This article first appeared on Yahoo! News on May 25, 2010.

Reporting by Mark Sherman.

As Marshall clerk, Kagan was wary of conservatives

WASHINGTON – As a young lawyer working for Justice Thurgood Marshall, Elena Kagan repeatedly expressed her concern that a conservative Supreme Court  was looking for ways to cut back on the rights of women, criminal defendants and prisoners.

Documents from Kagan's year with Marshall show a law clerk who was frequently assessing the politics of the institution. Her memos to the justice are on file in Marshall's papers at the Library of Congress.

Kagan's time with Marshall, the groundbreaking lawyer who argued against segregation and later became the first African-American on the court, is likely to be a subject at her confirmation hearing, scheduled to begin in late June. She would be only the sixth justice to have served as a law clerk for the high court, but the only one whose former boss's papers were public at the time of her nomination.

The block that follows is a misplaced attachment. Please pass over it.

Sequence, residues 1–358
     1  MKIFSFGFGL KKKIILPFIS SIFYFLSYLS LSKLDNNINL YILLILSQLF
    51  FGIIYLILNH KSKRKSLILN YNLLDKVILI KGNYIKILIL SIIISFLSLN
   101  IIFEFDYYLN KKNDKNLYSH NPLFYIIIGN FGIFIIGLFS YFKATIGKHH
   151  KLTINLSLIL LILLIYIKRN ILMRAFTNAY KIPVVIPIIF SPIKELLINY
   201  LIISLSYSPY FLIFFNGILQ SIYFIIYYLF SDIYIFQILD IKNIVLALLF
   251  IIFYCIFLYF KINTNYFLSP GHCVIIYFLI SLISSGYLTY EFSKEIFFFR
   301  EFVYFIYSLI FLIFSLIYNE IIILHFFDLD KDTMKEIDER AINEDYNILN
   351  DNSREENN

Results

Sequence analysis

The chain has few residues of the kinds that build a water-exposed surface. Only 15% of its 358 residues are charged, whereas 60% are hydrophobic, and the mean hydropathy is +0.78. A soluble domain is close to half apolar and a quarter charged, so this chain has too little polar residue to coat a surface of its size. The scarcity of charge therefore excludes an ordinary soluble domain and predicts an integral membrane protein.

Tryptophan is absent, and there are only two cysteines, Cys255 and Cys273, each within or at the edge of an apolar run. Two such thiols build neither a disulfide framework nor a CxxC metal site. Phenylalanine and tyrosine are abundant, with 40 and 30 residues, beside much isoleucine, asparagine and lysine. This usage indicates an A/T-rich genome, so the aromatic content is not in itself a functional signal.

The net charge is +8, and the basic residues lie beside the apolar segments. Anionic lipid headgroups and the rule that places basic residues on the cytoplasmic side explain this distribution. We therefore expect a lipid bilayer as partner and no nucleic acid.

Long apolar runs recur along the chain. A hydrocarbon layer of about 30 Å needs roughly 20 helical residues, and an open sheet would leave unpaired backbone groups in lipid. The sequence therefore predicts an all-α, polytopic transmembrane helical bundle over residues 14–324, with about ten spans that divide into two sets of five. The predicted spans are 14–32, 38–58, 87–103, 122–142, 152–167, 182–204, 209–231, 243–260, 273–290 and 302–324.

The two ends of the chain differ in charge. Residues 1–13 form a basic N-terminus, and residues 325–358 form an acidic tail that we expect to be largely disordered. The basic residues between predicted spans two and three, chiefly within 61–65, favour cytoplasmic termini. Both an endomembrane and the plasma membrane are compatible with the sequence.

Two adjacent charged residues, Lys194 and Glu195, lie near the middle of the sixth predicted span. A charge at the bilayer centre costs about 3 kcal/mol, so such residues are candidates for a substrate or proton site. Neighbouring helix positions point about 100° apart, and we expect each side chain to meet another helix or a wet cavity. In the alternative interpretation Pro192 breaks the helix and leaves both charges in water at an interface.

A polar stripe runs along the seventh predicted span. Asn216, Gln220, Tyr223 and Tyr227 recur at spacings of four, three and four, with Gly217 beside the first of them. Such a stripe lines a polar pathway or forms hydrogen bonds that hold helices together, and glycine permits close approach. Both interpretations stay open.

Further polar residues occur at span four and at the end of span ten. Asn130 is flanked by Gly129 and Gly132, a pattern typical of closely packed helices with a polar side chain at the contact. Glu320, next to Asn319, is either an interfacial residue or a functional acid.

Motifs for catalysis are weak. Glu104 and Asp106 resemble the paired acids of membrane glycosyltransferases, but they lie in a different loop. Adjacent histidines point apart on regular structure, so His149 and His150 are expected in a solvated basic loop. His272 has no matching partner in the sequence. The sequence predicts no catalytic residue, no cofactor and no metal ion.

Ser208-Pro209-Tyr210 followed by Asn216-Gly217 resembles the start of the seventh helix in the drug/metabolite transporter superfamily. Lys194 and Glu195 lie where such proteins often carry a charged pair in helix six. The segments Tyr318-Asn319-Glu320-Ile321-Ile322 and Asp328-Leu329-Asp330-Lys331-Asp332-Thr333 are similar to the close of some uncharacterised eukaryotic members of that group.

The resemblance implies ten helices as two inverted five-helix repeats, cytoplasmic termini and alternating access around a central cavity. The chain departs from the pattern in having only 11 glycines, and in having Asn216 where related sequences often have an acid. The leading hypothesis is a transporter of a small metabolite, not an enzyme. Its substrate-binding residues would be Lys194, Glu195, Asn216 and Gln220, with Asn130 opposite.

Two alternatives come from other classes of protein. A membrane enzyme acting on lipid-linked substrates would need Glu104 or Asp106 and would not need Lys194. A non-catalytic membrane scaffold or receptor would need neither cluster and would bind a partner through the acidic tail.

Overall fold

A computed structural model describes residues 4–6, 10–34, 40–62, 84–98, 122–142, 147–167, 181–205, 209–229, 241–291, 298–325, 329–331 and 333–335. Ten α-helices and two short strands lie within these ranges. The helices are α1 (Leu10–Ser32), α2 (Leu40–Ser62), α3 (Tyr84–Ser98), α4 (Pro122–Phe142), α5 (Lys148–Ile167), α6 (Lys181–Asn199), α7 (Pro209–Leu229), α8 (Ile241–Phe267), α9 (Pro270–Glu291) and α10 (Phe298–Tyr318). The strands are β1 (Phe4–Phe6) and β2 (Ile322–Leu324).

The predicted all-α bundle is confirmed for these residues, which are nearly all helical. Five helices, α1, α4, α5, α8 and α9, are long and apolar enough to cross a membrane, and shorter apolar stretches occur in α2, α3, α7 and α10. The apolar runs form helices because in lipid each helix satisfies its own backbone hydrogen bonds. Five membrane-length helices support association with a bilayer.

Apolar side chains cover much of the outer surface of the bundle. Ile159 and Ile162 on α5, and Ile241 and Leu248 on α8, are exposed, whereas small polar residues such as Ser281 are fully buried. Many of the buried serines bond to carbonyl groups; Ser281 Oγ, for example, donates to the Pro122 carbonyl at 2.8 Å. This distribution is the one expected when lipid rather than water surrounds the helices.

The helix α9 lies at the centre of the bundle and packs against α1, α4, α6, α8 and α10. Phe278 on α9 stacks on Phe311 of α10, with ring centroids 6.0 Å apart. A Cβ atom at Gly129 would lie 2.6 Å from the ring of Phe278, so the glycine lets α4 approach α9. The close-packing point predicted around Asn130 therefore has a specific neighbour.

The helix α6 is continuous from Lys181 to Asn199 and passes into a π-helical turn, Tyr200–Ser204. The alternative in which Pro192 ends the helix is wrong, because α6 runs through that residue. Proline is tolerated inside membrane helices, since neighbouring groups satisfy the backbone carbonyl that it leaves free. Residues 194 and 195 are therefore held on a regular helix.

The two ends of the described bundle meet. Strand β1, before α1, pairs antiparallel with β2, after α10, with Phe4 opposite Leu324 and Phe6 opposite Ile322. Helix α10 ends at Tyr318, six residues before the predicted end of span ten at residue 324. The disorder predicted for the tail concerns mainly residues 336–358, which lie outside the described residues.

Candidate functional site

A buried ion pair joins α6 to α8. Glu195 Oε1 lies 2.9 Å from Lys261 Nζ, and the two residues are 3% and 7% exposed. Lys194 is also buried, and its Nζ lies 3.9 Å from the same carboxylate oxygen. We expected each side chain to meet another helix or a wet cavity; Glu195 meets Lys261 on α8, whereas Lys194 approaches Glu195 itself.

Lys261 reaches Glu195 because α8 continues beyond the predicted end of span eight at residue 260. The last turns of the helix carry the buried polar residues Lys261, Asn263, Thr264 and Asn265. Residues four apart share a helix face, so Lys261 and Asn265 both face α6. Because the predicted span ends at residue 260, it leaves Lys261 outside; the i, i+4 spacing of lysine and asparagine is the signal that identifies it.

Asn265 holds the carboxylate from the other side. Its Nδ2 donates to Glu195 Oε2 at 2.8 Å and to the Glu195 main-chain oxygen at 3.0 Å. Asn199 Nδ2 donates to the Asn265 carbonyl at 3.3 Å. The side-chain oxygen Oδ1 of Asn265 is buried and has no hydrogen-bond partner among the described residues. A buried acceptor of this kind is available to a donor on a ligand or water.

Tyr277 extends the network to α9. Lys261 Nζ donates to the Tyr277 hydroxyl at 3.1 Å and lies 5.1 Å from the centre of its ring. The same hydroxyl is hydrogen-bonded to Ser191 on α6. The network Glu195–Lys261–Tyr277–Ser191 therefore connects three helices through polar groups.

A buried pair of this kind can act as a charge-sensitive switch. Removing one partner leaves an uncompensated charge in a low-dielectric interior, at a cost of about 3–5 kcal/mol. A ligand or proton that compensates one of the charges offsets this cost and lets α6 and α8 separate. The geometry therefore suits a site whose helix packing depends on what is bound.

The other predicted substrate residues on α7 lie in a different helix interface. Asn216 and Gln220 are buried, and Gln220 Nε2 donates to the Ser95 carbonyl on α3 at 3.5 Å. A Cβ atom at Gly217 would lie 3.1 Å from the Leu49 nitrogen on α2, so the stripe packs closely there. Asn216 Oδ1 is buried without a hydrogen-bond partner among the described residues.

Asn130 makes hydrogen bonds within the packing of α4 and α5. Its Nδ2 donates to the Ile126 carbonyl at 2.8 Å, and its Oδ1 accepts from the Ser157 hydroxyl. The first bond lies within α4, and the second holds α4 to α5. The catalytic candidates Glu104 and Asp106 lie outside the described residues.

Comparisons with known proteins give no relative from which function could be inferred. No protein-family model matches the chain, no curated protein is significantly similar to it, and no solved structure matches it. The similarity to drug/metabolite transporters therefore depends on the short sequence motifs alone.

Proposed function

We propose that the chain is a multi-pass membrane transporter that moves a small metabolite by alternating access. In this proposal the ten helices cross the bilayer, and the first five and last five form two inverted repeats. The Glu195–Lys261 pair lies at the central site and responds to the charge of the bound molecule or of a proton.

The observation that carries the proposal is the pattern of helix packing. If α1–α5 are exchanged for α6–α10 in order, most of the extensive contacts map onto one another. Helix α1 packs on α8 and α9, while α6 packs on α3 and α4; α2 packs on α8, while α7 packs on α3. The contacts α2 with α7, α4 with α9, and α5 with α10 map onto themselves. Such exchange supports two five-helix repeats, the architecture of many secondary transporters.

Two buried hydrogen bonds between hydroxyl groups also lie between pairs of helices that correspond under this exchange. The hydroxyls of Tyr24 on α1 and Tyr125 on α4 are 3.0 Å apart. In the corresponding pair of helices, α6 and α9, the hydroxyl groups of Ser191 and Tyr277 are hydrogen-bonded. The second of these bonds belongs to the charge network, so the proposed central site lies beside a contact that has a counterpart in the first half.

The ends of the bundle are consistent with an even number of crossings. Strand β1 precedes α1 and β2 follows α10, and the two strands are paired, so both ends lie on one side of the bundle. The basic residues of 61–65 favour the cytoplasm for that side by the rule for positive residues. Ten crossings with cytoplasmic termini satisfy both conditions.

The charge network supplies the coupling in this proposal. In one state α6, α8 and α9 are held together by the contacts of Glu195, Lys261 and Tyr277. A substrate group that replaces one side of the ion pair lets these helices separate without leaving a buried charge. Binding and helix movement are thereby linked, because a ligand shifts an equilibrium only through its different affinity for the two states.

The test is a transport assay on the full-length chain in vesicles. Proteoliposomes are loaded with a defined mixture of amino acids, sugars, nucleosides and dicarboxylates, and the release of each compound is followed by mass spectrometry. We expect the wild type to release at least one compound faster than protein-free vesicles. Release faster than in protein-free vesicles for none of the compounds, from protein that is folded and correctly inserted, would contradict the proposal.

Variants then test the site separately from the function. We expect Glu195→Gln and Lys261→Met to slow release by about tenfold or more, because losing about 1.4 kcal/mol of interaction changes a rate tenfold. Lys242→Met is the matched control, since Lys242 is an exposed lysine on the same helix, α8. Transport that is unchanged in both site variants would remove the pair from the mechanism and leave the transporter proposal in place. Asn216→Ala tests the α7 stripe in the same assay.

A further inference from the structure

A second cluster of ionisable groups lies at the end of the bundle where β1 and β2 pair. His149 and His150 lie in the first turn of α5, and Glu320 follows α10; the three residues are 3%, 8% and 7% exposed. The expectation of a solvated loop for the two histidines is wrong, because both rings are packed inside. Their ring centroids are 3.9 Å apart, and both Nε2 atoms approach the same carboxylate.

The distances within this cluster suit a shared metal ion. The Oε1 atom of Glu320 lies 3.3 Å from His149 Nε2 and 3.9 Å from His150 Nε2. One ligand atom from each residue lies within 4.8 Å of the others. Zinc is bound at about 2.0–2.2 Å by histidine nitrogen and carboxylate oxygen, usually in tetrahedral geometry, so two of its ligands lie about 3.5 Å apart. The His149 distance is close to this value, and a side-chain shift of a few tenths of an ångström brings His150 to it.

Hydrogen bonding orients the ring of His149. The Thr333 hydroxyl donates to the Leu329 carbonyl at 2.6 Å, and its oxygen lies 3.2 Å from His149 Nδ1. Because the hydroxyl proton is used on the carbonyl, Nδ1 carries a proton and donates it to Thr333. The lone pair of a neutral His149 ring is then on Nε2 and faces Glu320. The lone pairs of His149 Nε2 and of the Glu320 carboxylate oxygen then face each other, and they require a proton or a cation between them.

Some Senate Republicans already have signaled they could make issue an issue of Kagan's clerkship with Marshall, whom conservatives have branded an activist judge more concerned about outcomes than rules.

"You can't draw too many conclusions from these memos," said University of Wisconsin law professor Brad Snyder, who has examined relationships between judges and clerks. "There's a danger of saying if Kagan clerked for Marshall she must be an off-the-charts liberal. There's no formula, but it will be interesting what she chooses to say about Thurgood Marshall, the judge, at her confirmation hearings."

Kagan, 27 when she began working for Marshall in 1987, said in Senate testimony last year that she tried to "channel" Marshall in her memos, not express her own views. Her concerns appear to echo Marshall's well-established views...the full article can be seen here.

Submitted by Erin Syth on October 28, 2016

This article appears in the categories: In the Media

Related employee profiles: Brad Snyder